RogerBW's Blog

Teaching One Night Revolution 10 February 2017

I've had a certain amount of practice teaching board games, so I'm going to post some of my introductions to them here. These are all put together from multiple sessions, generally at Essen. As a general principle, I have components lying on the table, and point to them and/or pick them up as they are mentioned.

Today I'll introduce One Night Revolution. Anything in square brackets is to be thought about rather than necessarily read aloud.

This is a game of hidden roles, deduction and lying.

We are all rebels fighting against the corrupt government. At least that's what we say. Some of us may be police informants, and the rest of us are trying to work out who those people are. There will be three informants, and [number of players] rebels - we get one ID each, and the other three go to headquarters, face down.

Also, we will each have a Specialist card, which shows what we will do when everyone else has their eyes closed. That can vary depending on which side you're on [show reference card]. So if you are the Rebel Reassignor, you would swap two other IDs; but if you are the Informant Reassignor, you would look through Headquarters for another Informant ID, and swap that with a Rebel's ID. So you can change sides during the game without knowing it. You can look at your Specialist card whenever you like, but you can only look at your ID card at the start of the game - or when the rules tell you to.

To start the game, we'll all shut our eyes, and the informants will open theirs – so they know who is an informant and who is a rebel. Then everyone shuts their eyes again; the first player will open their eyes, do what their Specialist card says, and then close their eyes and say "Task Complete". Then the next player along does the same, and so on.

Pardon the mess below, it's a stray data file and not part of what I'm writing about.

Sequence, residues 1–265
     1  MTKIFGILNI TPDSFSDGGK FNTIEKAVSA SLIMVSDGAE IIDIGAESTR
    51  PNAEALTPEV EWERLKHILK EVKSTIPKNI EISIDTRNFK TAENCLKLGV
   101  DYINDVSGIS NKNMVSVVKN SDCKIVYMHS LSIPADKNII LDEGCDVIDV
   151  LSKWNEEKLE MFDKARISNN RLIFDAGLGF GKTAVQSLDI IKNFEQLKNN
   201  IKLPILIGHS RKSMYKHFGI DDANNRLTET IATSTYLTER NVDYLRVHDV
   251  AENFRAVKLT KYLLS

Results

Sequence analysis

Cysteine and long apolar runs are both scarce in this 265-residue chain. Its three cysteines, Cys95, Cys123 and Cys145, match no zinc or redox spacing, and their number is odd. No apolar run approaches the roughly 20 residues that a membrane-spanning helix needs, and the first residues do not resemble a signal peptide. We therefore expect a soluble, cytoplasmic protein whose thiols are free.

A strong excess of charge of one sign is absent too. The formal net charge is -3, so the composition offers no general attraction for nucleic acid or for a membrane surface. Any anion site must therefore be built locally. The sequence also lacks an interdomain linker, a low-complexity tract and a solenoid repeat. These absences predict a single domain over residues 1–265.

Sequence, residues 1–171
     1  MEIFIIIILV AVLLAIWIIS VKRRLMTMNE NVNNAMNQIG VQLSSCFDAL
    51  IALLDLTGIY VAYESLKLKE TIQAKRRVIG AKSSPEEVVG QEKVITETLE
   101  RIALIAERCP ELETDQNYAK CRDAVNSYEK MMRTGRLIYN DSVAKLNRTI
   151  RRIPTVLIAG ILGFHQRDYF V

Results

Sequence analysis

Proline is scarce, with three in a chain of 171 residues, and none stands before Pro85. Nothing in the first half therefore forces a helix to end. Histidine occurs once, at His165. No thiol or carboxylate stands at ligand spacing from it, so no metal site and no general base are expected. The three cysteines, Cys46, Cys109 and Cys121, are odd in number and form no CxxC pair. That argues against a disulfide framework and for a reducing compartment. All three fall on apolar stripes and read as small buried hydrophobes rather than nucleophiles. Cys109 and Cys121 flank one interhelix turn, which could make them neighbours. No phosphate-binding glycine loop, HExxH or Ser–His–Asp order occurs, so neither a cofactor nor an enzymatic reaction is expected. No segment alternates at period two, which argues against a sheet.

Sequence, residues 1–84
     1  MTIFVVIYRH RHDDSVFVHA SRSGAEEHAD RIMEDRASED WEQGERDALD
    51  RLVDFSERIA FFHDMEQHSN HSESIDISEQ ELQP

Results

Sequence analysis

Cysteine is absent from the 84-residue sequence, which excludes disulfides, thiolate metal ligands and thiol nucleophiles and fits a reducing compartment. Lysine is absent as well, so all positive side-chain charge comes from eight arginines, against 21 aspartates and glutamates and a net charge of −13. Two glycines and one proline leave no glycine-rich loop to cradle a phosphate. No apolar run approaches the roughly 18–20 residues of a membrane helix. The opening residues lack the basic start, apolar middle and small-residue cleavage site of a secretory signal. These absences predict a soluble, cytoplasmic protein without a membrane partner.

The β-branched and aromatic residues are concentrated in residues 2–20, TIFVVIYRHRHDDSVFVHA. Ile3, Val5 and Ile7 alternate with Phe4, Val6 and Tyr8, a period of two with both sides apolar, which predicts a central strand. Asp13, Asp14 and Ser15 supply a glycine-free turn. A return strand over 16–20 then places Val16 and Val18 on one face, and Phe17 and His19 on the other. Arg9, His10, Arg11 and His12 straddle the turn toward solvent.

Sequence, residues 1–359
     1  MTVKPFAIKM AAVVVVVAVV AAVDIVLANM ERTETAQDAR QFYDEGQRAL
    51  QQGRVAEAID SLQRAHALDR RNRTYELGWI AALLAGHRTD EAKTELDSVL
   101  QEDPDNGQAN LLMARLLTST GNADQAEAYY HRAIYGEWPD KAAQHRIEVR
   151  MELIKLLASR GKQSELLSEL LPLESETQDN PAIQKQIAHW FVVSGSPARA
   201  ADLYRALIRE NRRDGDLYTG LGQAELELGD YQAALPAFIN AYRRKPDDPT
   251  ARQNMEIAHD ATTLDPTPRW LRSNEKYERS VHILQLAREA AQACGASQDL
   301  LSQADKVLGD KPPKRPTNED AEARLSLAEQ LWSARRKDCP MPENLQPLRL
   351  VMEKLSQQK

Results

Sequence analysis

Once everyone has done that, we open our eyes again, and the first player can look at his ID – because otherwise he has no idea what's going on. Then each player takes one of these tokens [the circular claim tokens], which show what you claim you did. You can take the one that matches your Specialist card, or you can take a different one. You can even [flip over token] claim to have been an Informant, if you think you can convince people that you're now a Rebel. You can take a token from in front of another player if you like; that means you're calling them a liar.

Then we have a discussion about who knows what. Everyone wants to know which side they are now on. The Rebels are trying to work out who's an Informant; the Informants are trying to pretend to be Rebels, and point the finger at a real Rebel. At the end, we all vote: whoever has the most fingers pointed at them is put to death, and if they're an Informant the Rebels win. Otherwise the Informants win.

If there's a tie for most fingers, then all of them are executed, but if there's at least one Informant the Rebels win even if they kill a Rebel too.

If you think that all the Informants are at Headquarters, then you can all agree to point at the person on your left; that way nobody has two fingers pointed at them and nobody dies. But that's only once chance in twenty even in the three-player game. And if there is just one Informant player, they win.

These are your IDs. You can look at them now, but don't look at them again unless a card specifically tells you to. You can look at your Specialist cards whenever you like. Put the IDs near the middle of the table, so that other players can move them around.

Everyone know who you are? OK. Everyone [put fists on the table and] close their eyes.

[Deep Agent only, raise your thumb. Other] Informants, open your eyes and see who else is an informant.

[Lower your thumbs and] hands off the table. Everyone close your eyes.

First player, open your eyes, do your task, then say "Task Complete".

Next player…

Now we all open our eyes. First player only, take a look at your ID. Now take one of these tokens.

Next player…

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